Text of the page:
ICTR: A tribunal that failed Rwandan genocide victims and survivors
11 November 2019 | 6:11 am
During the genocide, the international community did not intervene, but afterwards it set up an 'international court'. Did the court dispense justice? Opinions are divided, and 'some' survivors are waiting for justice.
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More major protests in Israel against proposed justice reforms forced visiting US Defense Secretary Lloyd Austin and Israeli Prime Minister Benjamin Netanyahu to hold talks at or near Ben Gurion airport.
At 87 years old, Iwao Hakamada is on the verge of finding true freedom, more than 50 years after being sentenced to death for murders he says he did not commit. Tokyo's high court ordered a retrial this month, acknowledging that key evidence that led to his conviction had likely been fabricated by investigators.
The resolution calls on the ICJ to lay out nations' obligations for protecting Earth's climate, and the legal consequences they face if they don't.
Many women in India's Punjab state share similar stories of abandonment, abuse and cruelty at the hands of their husbands. But the road to justice is paved with constant setbacks and delays.
800 000 Tsutsis were killed in the 1994 massacre, leaving widespread trauma which still persists to this day. Also inis edition: we speak to Rinu Oduala, one of Nigeria's most prominent young activists. And finally: in Kenya, it's a chance at a new life for a community that's been stateless for 90 years.
In Rwanda, 29 years after the genocide that cost at least 800,000 lives, the psychological toll on those who lived through the bloodshed continues to weigh heavily. Also we hear from some of the young visionaries in the Seychelles coming up with ways to keep their traditional ways of life afloat. And Kenya becomes the first country on the continent to make coding an integral part of the school curriculum.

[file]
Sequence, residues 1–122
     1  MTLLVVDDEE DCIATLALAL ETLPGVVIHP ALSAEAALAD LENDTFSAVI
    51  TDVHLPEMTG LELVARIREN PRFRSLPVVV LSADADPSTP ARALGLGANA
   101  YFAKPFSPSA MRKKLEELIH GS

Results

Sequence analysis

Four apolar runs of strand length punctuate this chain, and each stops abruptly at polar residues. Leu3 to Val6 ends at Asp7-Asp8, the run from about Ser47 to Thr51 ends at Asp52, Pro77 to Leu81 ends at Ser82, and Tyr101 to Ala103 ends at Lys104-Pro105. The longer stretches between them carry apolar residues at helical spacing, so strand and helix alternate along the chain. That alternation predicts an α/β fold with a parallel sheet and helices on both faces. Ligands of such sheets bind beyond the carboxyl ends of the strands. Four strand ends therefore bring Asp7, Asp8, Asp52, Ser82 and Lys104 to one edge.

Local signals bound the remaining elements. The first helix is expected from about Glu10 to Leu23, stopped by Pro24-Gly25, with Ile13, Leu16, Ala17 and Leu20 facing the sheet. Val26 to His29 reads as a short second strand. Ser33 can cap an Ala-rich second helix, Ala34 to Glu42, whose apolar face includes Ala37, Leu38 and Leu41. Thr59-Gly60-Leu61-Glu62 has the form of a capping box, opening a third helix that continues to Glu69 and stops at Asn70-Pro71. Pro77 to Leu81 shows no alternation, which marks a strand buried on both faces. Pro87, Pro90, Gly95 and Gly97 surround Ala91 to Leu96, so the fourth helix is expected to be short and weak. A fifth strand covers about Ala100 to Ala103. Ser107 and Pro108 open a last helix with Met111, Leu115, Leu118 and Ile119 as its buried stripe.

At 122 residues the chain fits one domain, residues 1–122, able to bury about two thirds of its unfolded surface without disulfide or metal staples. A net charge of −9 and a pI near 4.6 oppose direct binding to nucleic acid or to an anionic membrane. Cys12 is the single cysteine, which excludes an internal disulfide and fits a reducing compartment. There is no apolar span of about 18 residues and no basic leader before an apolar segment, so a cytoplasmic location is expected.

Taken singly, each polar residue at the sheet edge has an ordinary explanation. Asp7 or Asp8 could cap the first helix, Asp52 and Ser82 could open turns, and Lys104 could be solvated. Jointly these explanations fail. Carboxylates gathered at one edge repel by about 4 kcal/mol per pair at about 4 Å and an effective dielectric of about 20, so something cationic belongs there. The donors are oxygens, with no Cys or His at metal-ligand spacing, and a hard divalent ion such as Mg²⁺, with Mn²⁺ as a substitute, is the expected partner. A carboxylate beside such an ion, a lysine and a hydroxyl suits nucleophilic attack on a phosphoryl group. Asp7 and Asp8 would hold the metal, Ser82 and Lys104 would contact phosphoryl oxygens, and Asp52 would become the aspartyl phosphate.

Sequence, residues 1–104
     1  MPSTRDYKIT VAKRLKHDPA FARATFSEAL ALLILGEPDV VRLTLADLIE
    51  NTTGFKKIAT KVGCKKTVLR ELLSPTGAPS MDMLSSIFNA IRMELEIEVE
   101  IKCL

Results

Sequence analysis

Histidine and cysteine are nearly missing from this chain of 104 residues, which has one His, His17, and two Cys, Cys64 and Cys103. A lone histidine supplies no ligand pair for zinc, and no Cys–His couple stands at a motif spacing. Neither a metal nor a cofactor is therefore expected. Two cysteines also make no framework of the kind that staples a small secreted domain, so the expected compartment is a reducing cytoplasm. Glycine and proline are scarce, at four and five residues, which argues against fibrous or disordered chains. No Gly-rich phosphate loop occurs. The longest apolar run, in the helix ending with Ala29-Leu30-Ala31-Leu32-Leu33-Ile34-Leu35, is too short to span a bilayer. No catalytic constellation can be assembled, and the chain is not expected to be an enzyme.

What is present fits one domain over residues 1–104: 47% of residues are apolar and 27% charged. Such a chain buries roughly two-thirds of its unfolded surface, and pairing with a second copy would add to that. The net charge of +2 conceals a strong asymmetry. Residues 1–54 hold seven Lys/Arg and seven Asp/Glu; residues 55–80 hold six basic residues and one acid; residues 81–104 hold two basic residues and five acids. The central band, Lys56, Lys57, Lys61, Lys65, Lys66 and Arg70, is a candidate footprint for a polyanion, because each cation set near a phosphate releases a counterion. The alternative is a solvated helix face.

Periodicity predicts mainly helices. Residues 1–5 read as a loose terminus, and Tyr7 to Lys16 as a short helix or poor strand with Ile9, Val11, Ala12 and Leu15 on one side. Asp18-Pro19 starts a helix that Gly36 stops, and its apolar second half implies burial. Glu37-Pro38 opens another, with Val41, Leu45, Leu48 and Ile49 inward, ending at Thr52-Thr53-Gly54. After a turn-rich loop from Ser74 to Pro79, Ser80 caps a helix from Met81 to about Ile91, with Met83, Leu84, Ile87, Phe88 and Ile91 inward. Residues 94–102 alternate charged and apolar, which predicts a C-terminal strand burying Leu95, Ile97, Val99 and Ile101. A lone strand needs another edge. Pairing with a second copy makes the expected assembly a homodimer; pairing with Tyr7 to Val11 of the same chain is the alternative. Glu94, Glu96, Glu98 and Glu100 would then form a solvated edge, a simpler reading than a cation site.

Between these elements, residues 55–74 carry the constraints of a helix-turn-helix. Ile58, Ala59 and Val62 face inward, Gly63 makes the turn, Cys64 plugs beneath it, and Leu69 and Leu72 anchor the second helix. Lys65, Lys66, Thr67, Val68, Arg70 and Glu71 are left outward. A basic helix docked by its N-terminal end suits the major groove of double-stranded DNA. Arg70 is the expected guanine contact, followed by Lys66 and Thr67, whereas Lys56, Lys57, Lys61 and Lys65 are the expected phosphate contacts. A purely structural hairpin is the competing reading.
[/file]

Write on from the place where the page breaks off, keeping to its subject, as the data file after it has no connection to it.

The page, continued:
The trial has opened of a suspect in the Rwandan genocide who fled to France. Former military policeman Philippe Hategekimana allegedly set up roadblocks to identify ethnic Tutsis, who would be murdered.
Fulgence Kayishema, a former police officer who is suspected of orchestrating the murder of thousands at a church massacre in 1994 in Rwanda, is arrested in a South African vineyard. Also, May 25 marks both the 60th anniversary of the African Union and Africa Day, a double reason to celebrate and contemplate how to overcome the challenges facing the continent.
Former Rwandan police officer Fulgence Kayishema, accused of ordering the killing of around 2,000 Tutsis during the 1994 genocide, has appeared before a South African court. He was on the run for more than two decades.
The European Court of Justice has again ruled against Poland over its controversial judicial reforms. It has sided with the European Commission over the question of judicial impartiality in Poland.
A UN court based in the Hague said Felicien Kabuga was unfit for trial, and called for an alternative legal procedure that does not involve conviction. He was arrested in Paris in 2020.
President Paul Kagame's government wants to free thousands of prisoners convicted for the 1994 Rwanda Genocide. It says the move aims to ease overcrowding in prisons and foster reintegration and reconciliation.
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